By training women in IT and media and giving them a space for discussions, WOMEC is working actively to strengthen the role of the female leaders and is developing the leadership skills of the women, who are yet to take action in their communities.
Empowering women to take a more central role in decision making through Voter Education, Gender Training and Presentation Skills.
Supporting female Parliamentarians to effectively use the media to advance their cause.
Building the capacity of journalists to play active roles as change agents and advocates for gender equality.
Encouraging NGOs committed to women’s issues to give a voice to their actions and concerns, via the media and through public events.
Developing the global image of Ghanaian female leaders.
Running an online global exchange platforms with other female leaders in the world.
Creating a space where women from the communities can meet the female parliamentarians and NGO leaders on a regular basis, express issues of concern and getting inspired by the powerful role of other women they meet.
Women in leadership
Give an online space for global exchange and debate to women in leadership
- Establishing an exchange program for female journalists in Africa to enable them share experiences, ideas and learn from each other
- Serving as a centre of excellence that focuses on the training, capacity building and creating a platform for exchange of ideas and facilitating networking of media women in the sub-region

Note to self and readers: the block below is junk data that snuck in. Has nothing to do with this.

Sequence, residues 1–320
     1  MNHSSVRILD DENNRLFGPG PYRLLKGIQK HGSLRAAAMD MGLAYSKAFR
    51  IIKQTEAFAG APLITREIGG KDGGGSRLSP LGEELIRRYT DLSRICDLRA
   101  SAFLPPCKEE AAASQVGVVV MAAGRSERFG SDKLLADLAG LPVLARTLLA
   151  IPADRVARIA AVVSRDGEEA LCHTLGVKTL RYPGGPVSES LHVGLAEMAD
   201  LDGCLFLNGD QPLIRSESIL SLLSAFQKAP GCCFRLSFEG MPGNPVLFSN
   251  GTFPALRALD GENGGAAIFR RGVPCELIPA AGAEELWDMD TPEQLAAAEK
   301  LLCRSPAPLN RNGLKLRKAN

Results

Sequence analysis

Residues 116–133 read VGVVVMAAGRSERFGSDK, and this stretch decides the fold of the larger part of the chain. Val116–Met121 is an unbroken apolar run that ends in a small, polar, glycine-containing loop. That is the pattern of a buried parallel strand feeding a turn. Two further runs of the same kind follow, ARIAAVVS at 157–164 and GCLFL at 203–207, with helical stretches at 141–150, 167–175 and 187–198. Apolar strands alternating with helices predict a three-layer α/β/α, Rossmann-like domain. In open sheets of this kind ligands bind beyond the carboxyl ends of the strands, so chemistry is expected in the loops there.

- Developing a database on women in the media in Africa which will hold information on the human resources of female journalists in Africa
- Establishing a resource centre for female journalists to learn new skills and access information
- Developing a mentorship program between young female journalists and the older experienced journalists in the West African sub-region
The interest in pursuing the agenda of promoting women in governance and political processes and structures is underscored by the fact that women constitute more than half Ghana’s population, yet their issues and concerns are often largely absent from mainstream decision-making.
Of equal concern is the fact though women are interested in contributing effectively to the decisions that affect their lives and societies, they are generally constrained from doing so due to the several socio-economic barriers that confront and discriminate against them on a day-to-day basis.
The use of quotas could be an important instrument for breaking down barriers and furthering women’s political participation and integration. The key role of political parties in identifying, grooming and enhancing women’s participation in the decision-making process is very important.